September 9, 2021 Reading Time: 2 minutes

Initial claims for regular state unemployment insurance totaled 310,000 for the week ending September 4, a drop of 35,000 from the previous week’s revised tally of 345,000 (see first chart). This is the sixth decline in the last seven weeks and the lowest level of the pandemic.

The four-week average fell 16,750 to 339,500, also the lowest of the pandemic. A record number of openings continue to be reported across many industries and surveys of employers suggest finding and retaining workers remains one of the biggest challenges.

The surging number of Covid cases due to the Delta variant continues to cloud the outlook for economic growth. Furthermore, the combination of labor shortages and rising Covid cases may exacerbate materials shortages as well as logistical problems and sustain upward pressure on prices in the short term.

The number of ongoing claims for state unemployment programs totaled 2.663 million for the week ending August 21, a drop of 133,950 from the prior week. That is the 22nd consecutive week below 4 million and the fifth below 3 million since the start of the pandemic (see second chart).

Continuing claims in all federal programs totaled 9.268 million for the week ending August 21, a decrease of 121,807. That is the 15th consecutive week that Federal continuing claims have been below 12 million and the eighth week below 10 million (see second chart).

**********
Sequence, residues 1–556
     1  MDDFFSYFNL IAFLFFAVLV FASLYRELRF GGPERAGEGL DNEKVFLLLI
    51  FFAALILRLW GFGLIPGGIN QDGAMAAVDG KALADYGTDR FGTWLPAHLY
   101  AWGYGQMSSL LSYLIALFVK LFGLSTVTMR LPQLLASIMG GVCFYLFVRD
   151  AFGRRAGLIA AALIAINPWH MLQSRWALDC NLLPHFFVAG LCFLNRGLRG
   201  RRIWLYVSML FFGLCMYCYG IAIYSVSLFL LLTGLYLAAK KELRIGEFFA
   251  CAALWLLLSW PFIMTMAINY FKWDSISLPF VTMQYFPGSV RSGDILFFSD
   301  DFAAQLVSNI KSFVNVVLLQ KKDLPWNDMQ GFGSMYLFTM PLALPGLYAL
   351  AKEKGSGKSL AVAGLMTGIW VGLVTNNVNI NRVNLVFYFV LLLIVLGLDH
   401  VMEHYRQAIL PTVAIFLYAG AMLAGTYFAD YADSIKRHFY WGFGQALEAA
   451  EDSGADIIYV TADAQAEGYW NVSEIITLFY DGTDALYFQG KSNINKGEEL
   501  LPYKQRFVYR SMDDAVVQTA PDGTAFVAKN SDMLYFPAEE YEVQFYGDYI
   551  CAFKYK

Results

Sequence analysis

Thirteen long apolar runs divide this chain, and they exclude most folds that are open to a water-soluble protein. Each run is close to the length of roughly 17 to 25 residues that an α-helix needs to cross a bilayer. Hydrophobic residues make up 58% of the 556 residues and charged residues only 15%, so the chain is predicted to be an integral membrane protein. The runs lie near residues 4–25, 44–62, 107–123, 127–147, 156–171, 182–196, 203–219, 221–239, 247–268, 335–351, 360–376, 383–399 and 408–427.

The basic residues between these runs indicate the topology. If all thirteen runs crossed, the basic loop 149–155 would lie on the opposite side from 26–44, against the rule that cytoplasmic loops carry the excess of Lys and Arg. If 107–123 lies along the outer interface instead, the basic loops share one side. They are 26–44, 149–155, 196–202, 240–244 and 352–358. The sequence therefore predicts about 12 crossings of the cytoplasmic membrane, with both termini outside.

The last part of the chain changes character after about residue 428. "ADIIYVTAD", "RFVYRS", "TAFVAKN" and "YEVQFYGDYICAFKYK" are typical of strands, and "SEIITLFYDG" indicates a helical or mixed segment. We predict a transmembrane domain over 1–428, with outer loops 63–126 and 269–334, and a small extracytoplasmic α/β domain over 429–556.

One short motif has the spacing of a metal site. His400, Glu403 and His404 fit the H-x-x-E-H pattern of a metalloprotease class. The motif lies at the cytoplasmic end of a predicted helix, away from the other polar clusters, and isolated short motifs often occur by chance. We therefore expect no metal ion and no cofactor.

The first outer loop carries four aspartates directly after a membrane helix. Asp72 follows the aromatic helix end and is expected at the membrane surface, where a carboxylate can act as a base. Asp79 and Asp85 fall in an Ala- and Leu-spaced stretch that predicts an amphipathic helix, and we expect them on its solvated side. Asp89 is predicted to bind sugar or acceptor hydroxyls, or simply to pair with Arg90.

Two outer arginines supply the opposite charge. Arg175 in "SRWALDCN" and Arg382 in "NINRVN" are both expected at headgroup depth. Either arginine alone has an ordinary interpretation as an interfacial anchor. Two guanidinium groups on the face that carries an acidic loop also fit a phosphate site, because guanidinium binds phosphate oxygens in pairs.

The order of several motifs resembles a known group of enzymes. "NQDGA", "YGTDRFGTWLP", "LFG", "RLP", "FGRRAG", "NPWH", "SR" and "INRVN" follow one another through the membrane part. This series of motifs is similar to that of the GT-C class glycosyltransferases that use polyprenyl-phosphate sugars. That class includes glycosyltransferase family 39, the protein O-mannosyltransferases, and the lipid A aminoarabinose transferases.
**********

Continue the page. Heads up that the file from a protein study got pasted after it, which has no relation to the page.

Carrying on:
The latest results for the two programs put the total number of people claiming benefits in all unemployment programs, including all emergency programs, at 11.930 million for the week ended August 21, a drop of 255,757 from the prior week. The result is the 17th consecutive week below 16 million but is the fifth week close to the 12 million mark, averaging 12.001 million over that period (see second chart).

The labor market remains tight as weekly initial claims for unemployment benefits move lower and the number of open jobs hit a new record high in July. Employers are having a hard time filling positions and retaining workers, especially in low-wage jobs in hospitality and retail. The surge in new Covid cases creates uncertainty and likely contributed to the weak August jobs report. Businesses and consumers will adapt to the new Covid world but the waves of new cases will continue to cause havoc on economic activity.

Robert Hughes

Bob Hughes

Robert Hughes joined AIER in 2013 following more than 25 years in economic and financial markets research on Wall Street. Bob was formerly the head of Global Equity Strategy for Brown Brothers Harriman, where he developed equity investment strategy combining top-down macro analysis with bottom-up fundamentals.

Prior to BBH, Bob was a Senior Equity Strategist for State Street Global Markets, Senior Economic Strategist with Prudential Equity Group and Senior Economist and Financial Markets Analyst for Citicorp Investment Services. Bob has a MA in economics from Fordham University and a BS in business from Lehigh University.

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